On Friday, September 28, Serhiy Luzan, Department of Physics, will defend his thesis titled: Materials for hydrogen storage and synthesis of new materials by hydrogenation. Title in Swedish: Material för vätelagring och syntes av nya material genom hydrering.
The public defense will take place at 1:00, p.m. in room N300.
The external examiner is Prof. Dr. Yaroslav Filinchuk, Institute of Condensed Matter and Nanosciences, Université Catholique de Louvain, Louvain-la-Neuve, Belgium.
Read the whole or parts of the dissertation at:
http://urn.kb.se/resolve?urn=urn:nbn:se:umu:diva-58663
For further information, please contact:
Serhiy Luzan, Department of Physics (in English)
Phone: +46 (0)90-786 65 81; mobile: +46 (0)70-022 34 94
E-mail: serhiy.luzan@physics.umu.se

Ingrid Söderbergh | idw
Further information:
http://www.vr.se
http://urn.kb.se/resolve?urn=urn:nbn:se:umu:diva-58663

More articles from Power and Electrical Engineering:

nachricht Researchers pave the way for ionotronic nanodevices
23.02.2017 | Aalto University

nachricht Microhotplates for a smart gas sensor
22.02.2017 | Toyohashi University of Technology

All articles from Power and Electrical Engineering >>>

The most recent press releases about innovation >>>

Die letzten 5 Focus-News des innovations-reports im Überblick:

Im Focus: Breakthrough with a chain of gold atoms

In the field of nanoscience, an international team of physicists with participants from Konstanz has achieved a breakthrough in understanding heat transport

In the field of nanoscience, an international team of physicists with participants from Konstanz has achieved a breakthrough in understanding heat transport

Im Focus: DNA repair: a new letter in the cell alphabet

Results reveal how discoveries may be hidden in scientific “blind spots”

Cells need to repair damaged DNA in our genes to prevent the development of cancer and other diseases. Our cells therefore activate and send “repair-proteins”...

Im Focus: Dresdner scientists print tomorrow’s world

The Fraunhofer IWS Dresden and Technische Universität Dresden inaugurated their jointly operated Center for Additive Manufacturing Dresden (AMCD) with a festive ceremony on February 7, 2017. Scientists from various disciplines perform research on materials, additive manufacturing processes and innovative technologies, which build up components in a layer by layer process. This technology opens up new horizons for component design and combinations of functions. For example during fabrication, electrical conductors and sensors are already able to be additively manufactured into components. They provide information about stress conditions of a product during operation.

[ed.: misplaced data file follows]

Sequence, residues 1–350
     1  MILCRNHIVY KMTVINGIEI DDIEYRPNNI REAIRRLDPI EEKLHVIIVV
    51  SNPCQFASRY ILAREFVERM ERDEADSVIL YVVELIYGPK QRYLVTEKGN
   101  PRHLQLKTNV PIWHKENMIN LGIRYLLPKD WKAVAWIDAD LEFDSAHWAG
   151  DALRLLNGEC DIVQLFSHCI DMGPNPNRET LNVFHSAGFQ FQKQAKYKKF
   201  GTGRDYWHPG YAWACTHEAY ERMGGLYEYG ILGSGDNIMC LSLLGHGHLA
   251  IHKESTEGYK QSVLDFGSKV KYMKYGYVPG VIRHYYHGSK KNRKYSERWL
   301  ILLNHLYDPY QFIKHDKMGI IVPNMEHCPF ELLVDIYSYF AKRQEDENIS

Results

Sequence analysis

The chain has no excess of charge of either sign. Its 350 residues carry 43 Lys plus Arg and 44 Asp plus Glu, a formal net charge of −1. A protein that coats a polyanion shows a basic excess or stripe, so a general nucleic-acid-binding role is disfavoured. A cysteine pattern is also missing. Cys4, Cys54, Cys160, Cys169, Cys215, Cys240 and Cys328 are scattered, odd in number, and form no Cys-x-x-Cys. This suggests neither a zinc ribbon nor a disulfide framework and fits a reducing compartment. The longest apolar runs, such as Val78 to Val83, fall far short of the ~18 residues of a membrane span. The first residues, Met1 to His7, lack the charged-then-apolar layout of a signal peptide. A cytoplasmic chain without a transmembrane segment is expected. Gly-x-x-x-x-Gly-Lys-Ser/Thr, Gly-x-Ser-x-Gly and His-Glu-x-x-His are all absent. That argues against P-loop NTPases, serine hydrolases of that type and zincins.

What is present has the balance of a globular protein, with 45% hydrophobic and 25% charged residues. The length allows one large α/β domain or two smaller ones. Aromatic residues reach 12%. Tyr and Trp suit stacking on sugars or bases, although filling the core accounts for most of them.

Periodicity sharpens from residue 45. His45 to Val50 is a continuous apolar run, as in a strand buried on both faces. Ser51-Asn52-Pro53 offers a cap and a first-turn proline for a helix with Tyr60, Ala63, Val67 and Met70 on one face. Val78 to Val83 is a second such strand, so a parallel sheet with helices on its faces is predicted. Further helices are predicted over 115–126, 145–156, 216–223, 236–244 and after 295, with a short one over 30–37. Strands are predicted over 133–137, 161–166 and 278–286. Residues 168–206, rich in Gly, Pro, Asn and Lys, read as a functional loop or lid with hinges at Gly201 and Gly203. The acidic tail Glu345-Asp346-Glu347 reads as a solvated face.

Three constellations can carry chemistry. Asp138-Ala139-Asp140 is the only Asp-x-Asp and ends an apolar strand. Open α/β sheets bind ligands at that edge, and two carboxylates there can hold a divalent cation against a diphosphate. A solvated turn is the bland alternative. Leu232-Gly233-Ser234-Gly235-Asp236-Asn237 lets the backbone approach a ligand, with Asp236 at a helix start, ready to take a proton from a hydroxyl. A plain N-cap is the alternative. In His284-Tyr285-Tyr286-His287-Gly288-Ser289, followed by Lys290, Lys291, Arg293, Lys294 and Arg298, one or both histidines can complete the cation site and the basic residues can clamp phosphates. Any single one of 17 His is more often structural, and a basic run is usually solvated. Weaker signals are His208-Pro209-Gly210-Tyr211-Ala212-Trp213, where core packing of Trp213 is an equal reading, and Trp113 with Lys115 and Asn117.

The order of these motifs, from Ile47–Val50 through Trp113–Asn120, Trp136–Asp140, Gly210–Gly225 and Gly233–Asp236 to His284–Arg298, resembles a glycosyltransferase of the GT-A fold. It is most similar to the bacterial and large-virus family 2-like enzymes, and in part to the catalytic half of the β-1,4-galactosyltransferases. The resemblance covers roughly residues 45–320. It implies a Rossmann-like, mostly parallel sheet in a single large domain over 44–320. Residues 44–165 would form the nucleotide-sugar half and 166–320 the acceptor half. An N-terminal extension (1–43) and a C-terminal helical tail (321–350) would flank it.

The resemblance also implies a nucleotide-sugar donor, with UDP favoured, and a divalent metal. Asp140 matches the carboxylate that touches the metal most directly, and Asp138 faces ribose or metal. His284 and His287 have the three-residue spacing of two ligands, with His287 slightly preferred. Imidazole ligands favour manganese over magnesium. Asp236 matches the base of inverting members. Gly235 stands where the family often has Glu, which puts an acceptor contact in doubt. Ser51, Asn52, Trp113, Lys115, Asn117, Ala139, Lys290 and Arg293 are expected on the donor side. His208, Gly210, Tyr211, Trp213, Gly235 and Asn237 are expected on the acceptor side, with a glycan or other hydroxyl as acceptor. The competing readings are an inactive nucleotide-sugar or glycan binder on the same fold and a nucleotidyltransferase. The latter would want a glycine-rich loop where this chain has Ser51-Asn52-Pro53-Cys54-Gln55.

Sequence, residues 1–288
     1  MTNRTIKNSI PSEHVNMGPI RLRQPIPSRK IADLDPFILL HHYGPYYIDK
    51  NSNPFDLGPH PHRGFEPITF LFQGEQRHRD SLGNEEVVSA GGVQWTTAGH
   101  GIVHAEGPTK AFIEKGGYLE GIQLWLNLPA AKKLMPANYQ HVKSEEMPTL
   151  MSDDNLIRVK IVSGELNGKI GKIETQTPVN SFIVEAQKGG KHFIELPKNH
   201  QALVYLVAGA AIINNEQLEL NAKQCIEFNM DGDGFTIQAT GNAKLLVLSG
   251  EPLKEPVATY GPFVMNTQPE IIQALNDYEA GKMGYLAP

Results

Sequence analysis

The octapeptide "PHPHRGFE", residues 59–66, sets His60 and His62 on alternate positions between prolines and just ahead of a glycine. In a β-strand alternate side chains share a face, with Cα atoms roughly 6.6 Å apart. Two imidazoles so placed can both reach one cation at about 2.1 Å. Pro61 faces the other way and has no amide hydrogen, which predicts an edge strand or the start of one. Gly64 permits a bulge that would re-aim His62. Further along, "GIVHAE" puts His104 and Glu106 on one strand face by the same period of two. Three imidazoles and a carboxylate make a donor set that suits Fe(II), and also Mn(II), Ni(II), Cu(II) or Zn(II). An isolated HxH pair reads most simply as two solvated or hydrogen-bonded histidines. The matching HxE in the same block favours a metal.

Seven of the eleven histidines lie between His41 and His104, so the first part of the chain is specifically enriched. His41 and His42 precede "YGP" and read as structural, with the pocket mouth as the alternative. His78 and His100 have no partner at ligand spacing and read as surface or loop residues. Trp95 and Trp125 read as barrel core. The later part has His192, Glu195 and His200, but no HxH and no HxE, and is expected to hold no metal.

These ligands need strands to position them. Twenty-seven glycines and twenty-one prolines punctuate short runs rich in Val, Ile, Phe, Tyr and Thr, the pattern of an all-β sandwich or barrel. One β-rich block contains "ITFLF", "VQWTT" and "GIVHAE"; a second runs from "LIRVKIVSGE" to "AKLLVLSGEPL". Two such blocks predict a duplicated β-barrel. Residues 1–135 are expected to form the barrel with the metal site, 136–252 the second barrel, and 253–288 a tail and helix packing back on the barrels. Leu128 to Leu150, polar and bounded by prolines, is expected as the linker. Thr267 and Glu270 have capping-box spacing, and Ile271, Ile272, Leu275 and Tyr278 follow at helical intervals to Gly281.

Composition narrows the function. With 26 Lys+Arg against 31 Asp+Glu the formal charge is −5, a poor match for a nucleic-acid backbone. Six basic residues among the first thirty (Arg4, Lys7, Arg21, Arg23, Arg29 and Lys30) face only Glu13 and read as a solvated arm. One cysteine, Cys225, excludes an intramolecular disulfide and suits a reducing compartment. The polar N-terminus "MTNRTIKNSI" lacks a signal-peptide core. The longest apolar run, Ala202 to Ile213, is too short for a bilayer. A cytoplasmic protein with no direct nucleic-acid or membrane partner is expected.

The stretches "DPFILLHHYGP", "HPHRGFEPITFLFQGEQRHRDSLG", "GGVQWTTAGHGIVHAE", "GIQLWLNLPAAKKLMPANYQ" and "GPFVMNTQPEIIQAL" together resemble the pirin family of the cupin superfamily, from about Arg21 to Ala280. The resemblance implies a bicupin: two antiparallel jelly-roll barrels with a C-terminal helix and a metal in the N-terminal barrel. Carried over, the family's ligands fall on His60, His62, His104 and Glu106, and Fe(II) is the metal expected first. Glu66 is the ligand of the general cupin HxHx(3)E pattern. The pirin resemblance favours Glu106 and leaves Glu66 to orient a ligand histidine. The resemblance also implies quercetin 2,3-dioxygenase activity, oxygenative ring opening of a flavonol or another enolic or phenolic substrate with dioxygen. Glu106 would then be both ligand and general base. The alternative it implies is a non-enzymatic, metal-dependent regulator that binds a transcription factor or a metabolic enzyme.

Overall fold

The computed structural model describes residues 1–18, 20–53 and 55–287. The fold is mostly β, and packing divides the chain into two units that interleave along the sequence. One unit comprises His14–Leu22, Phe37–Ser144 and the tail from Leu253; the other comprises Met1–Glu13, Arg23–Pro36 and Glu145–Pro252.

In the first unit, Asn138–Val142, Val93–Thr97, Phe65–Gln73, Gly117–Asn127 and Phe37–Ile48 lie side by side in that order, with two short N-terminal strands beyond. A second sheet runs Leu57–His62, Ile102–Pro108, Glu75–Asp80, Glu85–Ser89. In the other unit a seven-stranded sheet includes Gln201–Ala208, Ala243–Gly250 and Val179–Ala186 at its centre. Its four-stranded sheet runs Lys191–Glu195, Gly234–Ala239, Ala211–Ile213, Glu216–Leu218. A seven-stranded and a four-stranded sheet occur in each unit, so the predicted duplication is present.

The 3D-printing technology, or additive manufacturing as it is often called, has long made the step out of scientific research laboratories into industrial...

Im Focus: Mimicking nature's cellular architectures via 3-D printing

Research offers new level of control over the structure of 3-D printed materials

Nature does amazing things with limited design materials. Grass, for example, can support its own weight, resist strong wind loads, and recover after being...

Im Focus: Three Magnetic States for Each Hole

Nanometer-scale magnetic perforated grids could create new possibilities for computing. Together with international colleagues, scientists from the Helmholtz Zentrum Dresden-Rossendorf (HZDR) have shown how a cobalt grid can be reliably programmed at room temperature. In addition they discovered that for every hole ("antidot") three magnetic states can be configured. The results have been published in the journal "Scientific Reports".

Physicist Dr. Rantej Bali from the HZDR, together with scientists from Singapore and Australia, designed a special grid structure in a thin layer of cobalt in...

All Focus news of the innovation-report >>>

Anzeige

Anzeige

Event News

Booth and panel discussion – The Lindau Nobel Laureate Meetings at the AAAS 2017 Annual Meeting

13.02.2017 | Event News

Complex Loading versus Hidden Reserves

10.02.2017 | Event News

International Conference on Crystal Growth in Freiburg

09.02.2017 | Event News

 
Latest News

Stingless bees have their nests protected by soldiers

24.02.2017 | Life Sciences

New risk factors for anxiety disorders

24.02.2017 | Life Sciences

MWC 2017: 5G Capital Berlin

24.02.2017 | Trade Fair News

VideoLinks
B2B-VideoLinks
More VideoLinks >>>